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Ancient mammal tracks found

This undated photo provided by the Dinosaur National Monument shows a small fossil mammal footprint, no bigger than a dime.  (Associated Press / The Spokesman-Review)
This undated photo provided by the Dinosaur National Monument shows a small fossil mammal footprint, no bigger than a dime. (Associated Press / The Spokesman-Review)

SALT LAKE CITY – Scientists at Dinosaur National Monument said they have found hundreds of tiny footprints left by mammals 190 million years ago.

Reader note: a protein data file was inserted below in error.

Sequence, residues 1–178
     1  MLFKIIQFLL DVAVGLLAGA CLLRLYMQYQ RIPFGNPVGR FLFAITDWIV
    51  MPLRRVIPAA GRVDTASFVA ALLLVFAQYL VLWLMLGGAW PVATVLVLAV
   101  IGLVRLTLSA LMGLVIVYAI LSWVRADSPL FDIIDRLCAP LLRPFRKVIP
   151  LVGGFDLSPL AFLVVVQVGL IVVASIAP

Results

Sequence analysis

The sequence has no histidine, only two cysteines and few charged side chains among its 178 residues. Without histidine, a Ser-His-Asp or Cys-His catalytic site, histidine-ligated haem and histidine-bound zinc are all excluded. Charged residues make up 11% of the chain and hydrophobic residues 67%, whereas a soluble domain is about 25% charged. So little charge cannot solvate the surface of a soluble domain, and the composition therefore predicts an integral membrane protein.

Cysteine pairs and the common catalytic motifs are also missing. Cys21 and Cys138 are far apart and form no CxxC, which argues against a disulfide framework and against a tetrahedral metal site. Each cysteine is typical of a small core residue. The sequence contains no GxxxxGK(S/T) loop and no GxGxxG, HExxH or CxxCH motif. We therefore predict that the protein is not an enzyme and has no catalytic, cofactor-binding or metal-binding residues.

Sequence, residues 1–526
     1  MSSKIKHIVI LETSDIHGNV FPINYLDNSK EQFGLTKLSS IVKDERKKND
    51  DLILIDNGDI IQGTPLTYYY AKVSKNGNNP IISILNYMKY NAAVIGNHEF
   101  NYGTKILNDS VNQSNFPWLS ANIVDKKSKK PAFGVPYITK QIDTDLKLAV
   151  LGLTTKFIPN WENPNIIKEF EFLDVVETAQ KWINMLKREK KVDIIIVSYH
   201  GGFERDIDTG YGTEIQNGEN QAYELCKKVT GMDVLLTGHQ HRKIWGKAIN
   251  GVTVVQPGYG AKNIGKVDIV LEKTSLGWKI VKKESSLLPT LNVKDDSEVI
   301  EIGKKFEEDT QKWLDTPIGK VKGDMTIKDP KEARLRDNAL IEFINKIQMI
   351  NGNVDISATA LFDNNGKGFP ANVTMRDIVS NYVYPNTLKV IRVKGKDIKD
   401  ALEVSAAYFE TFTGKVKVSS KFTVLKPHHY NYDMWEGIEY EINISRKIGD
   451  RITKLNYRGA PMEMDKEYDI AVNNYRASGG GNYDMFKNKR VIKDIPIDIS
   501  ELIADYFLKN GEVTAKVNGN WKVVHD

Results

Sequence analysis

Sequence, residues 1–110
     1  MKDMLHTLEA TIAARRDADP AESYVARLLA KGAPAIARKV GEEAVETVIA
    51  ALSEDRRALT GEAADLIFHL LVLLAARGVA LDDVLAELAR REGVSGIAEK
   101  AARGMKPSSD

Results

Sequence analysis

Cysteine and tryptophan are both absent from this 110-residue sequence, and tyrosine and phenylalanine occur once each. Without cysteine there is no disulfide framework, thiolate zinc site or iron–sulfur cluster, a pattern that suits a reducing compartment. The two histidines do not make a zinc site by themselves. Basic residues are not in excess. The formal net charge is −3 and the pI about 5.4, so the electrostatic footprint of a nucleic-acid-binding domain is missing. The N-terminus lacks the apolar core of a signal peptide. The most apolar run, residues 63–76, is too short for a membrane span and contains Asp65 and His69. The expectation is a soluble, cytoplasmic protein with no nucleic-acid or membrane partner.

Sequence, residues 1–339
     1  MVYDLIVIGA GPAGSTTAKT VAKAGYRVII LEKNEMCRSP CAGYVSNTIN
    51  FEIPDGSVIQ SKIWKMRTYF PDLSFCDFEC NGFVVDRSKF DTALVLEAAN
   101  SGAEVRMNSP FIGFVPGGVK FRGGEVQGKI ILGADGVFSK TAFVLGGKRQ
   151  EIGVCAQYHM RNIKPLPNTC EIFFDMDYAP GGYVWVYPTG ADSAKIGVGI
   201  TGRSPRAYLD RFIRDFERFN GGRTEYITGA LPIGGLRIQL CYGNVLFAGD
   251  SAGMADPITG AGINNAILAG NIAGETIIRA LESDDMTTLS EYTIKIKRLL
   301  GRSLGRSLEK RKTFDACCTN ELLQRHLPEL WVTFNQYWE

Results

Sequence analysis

Dan Chure, paleontologist at the monument, said he and paleontologist George Engelmann of the University of Nebraska at Omaha spotted the tracks earlier this month on a canyon wall.

Chure said the tracks are a rare find. They were left when the area was a vast Sahara-like desert, where towering sand dunes seldom preserved signs of life.

Most of the tracks are smaller than a dime. Chure said the mammals – perhaps the size of a rat – were among the few species able to survive between large sand dune fields where there was water, dinosaurs and a few plants. Dinosaur National Monument straddles the Utah-Colorado border.